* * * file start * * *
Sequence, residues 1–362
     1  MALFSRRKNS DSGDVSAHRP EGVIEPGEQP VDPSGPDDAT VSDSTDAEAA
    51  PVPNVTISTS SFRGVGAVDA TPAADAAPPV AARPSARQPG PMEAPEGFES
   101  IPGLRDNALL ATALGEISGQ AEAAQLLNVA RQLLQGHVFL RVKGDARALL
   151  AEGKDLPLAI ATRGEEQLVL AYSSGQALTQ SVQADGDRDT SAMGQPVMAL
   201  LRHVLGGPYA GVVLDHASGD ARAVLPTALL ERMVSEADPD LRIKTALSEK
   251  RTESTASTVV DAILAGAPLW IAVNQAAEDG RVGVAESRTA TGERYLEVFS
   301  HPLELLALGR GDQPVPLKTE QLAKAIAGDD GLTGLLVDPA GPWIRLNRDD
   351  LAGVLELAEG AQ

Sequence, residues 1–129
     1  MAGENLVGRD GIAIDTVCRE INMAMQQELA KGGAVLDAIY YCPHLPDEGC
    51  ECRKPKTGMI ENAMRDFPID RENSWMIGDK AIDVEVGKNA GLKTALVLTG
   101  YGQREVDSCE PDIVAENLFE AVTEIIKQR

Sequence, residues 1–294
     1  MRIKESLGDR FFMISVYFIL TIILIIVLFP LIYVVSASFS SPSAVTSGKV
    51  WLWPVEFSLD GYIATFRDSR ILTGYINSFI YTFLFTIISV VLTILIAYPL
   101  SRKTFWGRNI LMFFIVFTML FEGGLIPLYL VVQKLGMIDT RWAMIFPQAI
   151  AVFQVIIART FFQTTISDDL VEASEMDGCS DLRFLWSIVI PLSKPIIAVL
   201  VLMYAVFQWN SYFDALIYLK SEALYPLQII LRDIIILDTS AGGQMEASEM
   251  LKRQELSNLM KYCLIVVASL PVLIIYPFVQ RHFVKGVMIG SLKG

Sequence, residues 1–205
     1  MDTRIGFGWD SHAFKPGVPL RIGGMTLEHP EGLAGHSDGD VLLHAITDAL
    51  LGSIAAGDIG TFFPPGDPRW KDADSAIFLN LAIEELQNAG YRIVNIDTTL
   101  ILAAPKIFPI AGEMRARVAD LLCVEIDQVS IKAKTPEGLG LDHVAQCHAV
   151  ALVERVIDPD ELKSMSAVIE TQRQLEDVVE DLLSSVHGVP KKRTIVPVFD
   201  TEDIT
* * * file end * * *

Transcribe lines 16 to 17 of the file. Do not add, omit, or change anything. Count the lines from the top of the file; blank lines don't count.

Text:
    51  WLWPVEFSLD GYIATFRDSR ILTGYINSFI YTFLFTIISV VLTILIAYPL
   101  SRKTFWGRNI LMFFIVFTML FEGGLIPLYL VVQKLGMIDT RWAMIFPQAI